Price Tag May Further Boost Prices For Chinese Art
Last week, the global art market was shaken to the core by the news that a Paul Cézanne painting, The Card Players, was sold to the Middle Eastern nation of Qatar for over US$250 million. The highest price ever paid for a piece of artwork, this sale sent shockwaves throughout the modern art market and reflected the new multipolarity and shifting power structure of the art world, where emerging players like China and India are producing new, cash-flush collectors with an appetite for top-quality artwork and, more importantly, are willing to pay dearly for it.
As Vanity Fair wrote of the sale last week, part of Qatar’s motivation for the purchase was led by a desire to become an arts and culture hub in the Middle East, a goal that has seen the tiny country become a “new destination on the art-world grand tour.” Currently, Qatar is hosting exhibitions including an 80-foot-high Richard Serra and a Louise Bourgeois retrospective, and next month it will hold a Global Art Forum expected to attract artists and curators from museum groups around the world. From Vanity Fair:
The most paid for a painting at auction is the $106 million, paid last year at Christie’s for a lush portrait of Picasso’s curvy mistress Marie-Thérèse. Privately, works by Picasso, Pollock, Klimt, and de Kooning have changed hands in the $125 million-to-$150 million range, traded to and from by Ronald Lauder, Wynn, David Geffen, and the like. But no price has come close to this one. And Qatar is also buying 20th-century art: The Art Newspaper, with has chronicled Qatar’s buying sprees with care and ferocity, earlier this year crowned the nation the biggest single contemporary-art buyer in the world.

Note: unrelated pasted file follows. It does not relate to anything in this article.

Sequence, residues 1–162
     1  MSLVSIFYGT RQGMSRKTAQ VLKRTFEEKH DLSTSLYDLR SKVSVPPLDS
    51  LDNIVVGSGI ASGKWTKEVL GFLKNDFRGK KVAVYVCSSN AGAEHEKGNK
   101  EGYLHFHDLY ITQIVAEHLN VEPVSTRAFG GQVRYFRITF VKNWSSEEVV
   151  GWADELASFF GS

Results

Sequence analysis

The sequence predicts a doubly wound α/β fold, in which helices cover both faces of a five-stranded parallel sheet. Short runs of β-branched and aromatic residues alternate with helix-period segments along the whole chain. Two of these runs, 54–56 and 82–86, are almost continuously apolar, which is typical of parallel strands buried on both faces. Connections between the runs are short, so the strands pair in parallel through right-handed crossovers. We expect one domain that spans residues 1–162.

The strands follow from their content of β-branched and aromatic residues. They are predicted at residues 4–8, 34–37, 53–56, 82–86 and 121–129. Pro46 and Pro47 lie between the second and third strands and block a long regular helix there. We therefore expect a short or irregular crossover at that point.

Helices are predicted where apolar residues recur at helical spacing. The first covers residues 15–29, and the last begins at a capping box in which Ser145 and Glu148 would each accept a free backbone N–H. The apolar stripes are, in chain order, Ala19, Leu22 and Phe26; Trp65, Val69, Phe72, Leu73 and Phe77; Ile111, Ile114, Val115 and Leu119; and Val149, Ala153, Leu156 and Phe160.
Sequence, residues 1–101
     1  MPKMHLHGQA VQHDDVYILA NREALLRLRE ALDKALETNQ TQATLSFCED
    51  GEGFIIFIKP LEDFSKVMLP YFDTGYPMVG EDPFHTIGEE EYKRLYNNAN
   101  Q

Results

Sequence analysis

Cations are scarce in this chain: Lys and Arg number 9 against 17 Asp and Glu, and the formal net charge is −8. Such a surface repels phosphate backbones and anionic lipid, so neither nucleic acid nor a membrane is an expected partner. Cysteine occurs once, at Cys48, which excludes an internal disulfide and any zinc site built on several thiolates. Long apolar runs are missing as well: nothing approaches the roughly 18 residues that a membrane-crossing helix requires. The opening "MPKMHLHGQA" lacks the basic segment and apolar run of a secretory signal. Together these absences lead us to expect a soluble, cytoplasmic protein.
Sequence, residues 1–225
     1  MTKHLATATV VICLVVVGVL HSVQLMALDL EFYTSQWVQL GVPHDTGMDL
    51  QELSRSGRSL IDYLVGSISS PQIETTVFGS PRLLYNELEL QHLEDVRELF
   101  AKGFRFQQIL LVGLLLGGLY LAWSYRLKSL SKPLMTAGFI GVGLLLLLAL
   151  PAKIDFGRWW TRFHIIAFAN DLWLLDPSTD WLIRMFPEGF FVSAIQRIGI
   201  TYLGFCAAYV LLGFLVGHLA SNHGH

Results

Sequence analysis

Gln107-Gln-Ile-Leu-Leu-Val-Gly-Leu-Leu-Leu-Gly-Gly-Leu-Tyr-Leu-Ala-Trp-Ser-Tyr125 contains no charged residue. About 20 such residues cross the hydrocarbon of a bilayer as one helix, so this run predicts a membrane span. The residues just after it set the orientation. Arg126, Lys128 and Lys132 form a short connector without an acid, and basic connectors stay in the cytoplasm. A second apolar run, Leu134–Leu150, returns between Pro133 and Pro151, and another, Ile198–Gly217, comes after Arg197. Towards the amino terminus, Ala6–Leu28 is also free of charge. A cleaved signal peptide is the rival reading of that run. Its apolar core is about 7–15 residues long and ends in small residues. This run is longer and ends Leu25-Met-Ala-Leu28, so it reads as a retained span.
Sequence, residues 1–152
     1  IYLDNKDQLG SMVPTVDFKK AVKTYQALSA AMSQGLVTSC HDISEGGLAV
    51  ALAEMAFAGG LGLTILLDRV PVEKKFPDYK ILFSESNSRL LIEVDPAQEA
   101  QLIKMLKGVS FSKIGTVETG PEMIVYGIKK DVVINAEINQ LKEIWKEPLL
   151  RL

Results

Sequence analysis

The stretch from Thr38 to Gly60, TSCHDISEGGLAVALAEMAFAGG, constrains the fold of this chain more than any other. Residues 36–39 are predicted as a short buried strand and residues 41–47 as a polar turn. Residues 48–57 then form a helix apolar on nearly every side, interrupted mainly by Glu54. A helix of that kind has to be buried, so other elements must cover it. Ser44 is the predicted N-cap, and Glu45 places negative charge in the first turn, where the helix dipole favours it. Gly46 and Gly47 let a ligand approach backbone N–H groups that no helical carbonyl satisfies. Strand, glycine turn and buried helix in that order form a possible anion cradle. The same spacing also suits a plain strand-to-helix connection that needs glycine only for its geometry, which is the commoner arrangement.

The money is there: the United Arab Emirates region (which, loosely defined, includes Dubai, Bahrain, and Abu Dhabi) is home to nearly 10 percent of all the world’s oil reserve, nearly four million people, and, until recently, the planet’s largest-ever construction boom. Qatar’s neighbor (and rival) Abu Dhabi started, stopped, and now has started again ambitious plans to build outposts of the Louvre and the Guggenheim museums on its Saadiyat Island.
So what does this record-breaking Cézanne sale have to do with China? It shows, as have other sales in mainland China and Hong Kong in recent years, that the boundaries of prices for artwork will continue to rise, driven by the bidding habits of motivated buyers and collectors. Over the past year in particular, we’ve watched as Chinese collectors and investors have sent prices for Chinese modernist painters through the roof, pushing domestic Chinese auction houses further up the global rankings — where two, Beijing Poly and China Guardian, now trail only Christie’s in Sotheby’s in sales turnover. In record time, both auction houses have dominated the Chinese contemporary and traditional art segments, with China Guardian taking in US$606 million at its autumn auctions in Beijing last November alone.
International auction houses like Christie’s have benefited from the emergence of Chinese collectors on the scene in recent years, with the London-based company recording record sales of US$5.7 billion in 2011, helped by a 13 percent rise in the Asian art segment, which totaled $874.4 million. As Bloomberg pointed out last month, China’s growing clout in the global art market has become starkly apparent in recent years, with the country accounting for 39 percent of the approximately $11 billion total world revenue for fine art in 2011, up from 33 percent in 2010 and ahead of the US, which accounted for 25 percent.